Cricket Australia has turned to the services of former Victoria leg-spinner Craig Howard to oversee their young spin-bowling stars for the annual Spin Camp at Brisbane's National Cricket Centre.
Howard, who played 16 first-class matches in the early-mid 1990s before injuries cruelled his career at the age of 21, has been on the coaching scene at different times across the past decade, most notably working with South Australia and Adelaide Strikers, as well as intermittently with Test spinner Nathan Lyon.
Now the 45-year-old has become CA's official Spin Coach, and he will be advising the country's latest crop of potential spin stars during an intensive three-week camp, honing the talents of the likes of Redback Lloyd Pope and Queensland's Mitch Swepson, among a dozen others.
"He's awesome – one of the best spin coaches I've worked with so far," Pope told cricket.com.au. "He doesn't have one specific plan that he teaches to every bowler; he picks up on the traits that have made you successful coming through and then puts together something he reckons can help.
"Personally, my arm paths and where I release the ball from is a little bit different, so to have that (tailored approach) has been really helpful."
Australia's brightest young spinners spent Monday and Tuesday working through meetings with Howard to map out those individual bowling plans, and have since begun implementing them on the practice wickets of Ray Lindwall Oval, adjacent to Allan Border Field.
Former leg-spinner Howard likes what he has seen from the group, who have been tested using Trackman technology for the revolutions they put on their deliveries.
"On the (Trackman) 'rev tester', these guys are revving it so hard – they're spinning it so much," he says. "(Wednesday's) spin testing was as good as you'd want to see.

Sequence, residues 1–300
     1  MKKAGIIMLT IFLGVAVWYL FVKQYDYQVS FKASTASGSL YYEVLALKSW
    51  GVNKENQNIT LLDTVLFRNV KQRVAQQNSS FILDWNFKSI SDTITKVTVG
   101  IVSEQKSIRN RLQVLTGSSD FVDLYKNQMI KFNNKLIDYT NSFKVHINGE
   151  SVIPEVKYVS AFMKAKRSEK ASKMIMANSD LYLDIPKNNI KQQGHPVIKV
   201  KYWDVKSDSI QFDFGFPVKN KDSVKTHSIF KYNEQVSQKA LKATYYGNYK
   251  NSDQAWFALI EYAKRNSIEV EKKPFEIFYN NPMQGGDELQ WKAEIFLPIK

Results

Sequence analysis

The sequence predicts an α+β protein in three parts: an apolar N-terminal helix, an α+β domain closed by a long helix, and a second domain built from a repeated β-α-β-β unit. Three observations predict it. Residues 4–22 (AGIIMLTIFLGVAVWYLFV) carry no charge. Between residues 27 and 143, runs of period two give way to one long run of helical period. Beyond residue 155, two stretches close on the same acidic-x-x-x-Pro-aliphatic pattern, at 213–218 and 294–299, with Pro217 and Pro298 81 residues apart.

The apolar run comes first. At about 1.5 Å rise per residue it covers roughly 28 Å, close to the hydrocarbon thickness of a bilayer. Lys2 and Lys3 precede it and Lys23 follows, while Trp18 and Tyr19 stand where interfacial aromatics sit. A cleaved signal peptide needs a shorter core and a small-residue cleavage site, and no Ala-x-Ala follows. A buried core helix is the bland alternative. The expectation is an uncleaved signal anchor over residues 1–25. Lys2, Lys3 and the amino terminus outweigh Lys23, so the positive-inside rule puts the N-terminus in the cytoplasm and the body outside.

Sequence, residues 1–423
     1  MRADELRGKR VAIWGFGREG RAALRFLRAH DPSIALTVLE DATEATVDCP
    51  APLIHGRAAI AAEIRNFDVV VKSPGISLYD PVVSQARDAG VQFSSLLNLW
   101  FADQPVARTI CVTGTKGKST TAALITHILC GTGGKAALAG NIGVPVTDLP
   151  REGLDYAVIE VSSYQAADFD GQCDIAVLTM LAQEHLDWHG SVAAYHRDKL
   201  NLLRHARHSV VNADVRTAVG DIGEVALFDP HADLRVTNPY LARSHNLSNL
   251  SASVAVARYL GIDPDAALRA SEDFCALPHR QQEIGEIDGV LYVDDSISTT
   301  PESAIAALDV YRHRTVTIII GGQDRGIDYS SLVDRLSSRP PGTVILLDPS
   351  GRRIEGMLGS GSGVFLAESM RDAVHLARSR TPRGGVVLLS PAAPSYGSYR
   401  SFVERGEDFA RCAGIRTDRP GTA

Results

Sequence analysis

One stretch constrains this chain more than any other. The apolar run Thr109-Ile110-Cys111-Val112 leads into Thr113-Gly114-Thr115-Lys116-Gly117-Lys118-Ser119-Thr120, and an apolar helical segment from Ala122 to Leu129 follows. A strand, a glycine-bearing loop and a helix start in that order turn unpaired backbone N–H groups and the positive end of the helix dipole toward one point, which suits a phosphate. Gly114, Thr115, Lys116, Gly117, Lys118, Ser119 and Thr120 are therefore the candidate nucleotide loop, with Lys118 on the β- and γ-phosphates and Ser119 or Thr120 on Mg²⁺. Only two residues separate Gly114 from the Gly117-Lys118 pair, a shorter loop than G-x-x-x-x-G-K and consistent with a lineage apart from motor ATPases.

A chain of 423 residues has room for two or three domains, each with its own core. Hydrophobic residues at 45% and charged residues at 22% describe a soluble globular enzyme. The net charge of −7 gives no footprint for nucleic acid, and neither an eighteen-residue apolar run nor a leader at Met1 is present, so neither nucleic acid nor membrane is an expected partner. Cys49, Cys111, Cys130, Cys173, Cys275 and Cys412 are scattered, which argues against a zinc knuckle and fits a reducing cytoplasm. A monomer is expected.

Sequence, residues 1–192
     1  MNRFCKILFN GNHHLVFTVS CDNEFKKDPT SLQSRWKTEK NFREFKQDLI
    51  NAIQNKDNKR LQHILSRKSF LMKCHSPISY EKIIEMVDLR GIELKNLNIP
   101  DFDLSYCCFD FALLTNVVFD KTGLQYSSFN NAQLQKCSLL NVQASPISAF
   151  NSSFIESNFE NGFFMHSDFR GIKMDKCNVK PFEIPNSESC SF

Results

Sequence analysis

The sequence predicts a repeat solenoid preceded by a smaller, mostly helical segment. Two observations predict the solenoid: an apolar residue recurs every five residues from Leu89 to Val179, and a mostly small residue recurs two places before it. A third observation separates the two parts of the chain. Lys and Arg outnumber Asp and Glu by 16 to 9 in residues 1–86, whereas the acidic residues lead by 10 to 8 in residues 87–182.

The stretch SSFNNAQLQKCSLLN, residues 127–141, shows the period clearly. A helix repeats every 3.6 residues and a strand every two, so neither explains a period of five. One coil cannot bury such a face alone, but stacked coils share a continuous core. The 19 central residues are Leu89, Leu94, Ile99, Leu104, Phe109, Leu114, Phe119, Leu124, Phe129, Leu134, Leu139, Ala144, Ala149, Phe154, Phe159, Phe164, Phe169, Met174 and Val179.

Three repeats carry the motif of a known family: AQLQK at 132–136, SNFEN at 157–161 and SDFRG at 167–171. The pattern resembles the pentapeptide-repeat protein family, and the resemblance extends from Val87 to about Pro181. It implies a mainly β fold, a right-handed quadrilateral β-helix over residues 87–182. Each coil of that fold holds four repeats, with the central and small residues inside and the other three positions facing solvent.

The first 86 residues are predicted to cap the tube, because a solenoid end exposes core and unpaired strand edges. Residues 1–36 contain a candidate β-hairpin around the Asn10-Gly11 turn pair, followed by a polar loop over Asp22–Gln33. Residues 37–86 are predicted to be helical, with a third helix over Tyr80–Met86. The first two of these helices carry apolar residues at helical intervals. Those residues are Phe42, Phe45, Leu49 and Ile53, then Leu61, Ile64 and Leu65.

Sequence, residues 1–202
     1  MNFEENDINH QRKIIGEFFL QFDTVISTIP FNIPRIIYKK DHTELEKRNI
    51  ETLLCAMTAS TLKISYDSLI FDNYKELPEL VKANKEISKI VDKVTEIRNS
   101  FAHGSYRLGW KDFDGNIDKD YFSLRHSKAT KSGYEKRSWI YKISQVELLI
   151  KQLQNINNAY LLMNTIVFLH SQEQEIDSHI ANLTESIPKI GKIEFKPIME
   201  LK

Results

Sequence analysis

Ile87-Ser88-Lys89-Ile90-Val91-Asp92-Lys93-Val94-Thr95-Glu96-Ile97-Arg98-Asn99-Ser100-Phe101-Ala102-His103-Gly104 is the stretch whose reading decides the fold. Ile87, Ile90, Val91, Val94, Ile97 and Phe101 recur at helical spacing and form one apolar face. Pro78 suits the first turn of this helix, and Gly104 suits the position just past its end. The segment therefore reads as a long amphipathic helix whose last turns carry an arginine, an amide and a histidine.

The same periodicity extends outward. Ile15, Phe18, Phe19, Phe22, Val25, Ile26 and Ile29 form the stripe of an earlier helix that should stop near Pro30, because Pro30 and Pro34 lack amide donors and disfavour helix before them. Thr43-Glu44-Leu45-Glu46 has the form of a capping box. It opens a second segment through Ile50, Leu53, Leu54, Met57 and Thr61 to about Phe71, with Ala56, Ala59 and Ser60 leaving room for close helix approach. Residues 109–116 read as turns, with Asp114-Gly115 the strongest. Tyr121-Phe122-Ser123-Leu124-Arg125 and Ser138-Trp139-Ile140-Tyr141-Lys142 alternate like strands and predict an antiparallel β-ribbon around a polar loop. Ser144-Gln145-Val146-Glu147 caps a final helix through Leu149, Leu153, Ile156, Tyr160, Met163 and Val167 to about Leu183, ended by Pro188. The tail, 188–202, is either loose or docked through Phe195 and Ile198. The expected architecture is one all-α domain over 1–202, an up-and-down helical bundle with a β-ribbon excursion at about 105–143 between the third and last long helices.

"For me, spending this kind of time with players, it allows you to dig a bit deeper into some stuff, and build better relationships as well.
"I don't just have one way (for all spinners). I try to look at their attributes. Because I didn't play as much as I would've liked, I've watched a lot of cricket, and whenever the talk has been about spin, I've listened.
"So I've been able to develop a pretty diverse coaching style. I understand what (Shane) Warne did, what (Anil) Kumble and (Stuart) MacGill did, and then I try and adapt that to what the attributes of whoever I'm coaching."
Howard said a key focus of the camp will be each player's stock ball – the delivery they bowl a high percentage of the time, particularly in first-class and one-day cricket.
"What we're trying to do is form a blueprint for a technique that allows them to bowl repeatable stock balls with enough energy to be competitive in all conditions, and with the right seam position," he explained.
"We want these guys to fall in love with their best ball.
"T20 requires a lot of variations, because you're trying to defend against the batters, so you might only bowl your stock ball twice an over.
"Whereas in Test cricket you're probably going to bowl your stock ball five to six times an over, and in one-day cricket you'll bowl it four to six times.
"So your best ball has got to be able to control a batsman's ability to score, and get their wicket.
"That's what our focus has been on."
Spin month participants: Ashton Agar (WA), Tom Andrews (SA), Daniel Fallins (NSW), Jarrod Freeman (Tas), Chris Green (NSW), Todd Murphy (Vic), Arjun Nair (NSW), Tom O'Connell (Vic), Wil Parker (Vic), Lloyd Pope (SA), Jason Sangha (NSW), Tanveer Sangha (NSW), Mitchell Swepson (Qld), Ryan Walker (Qld).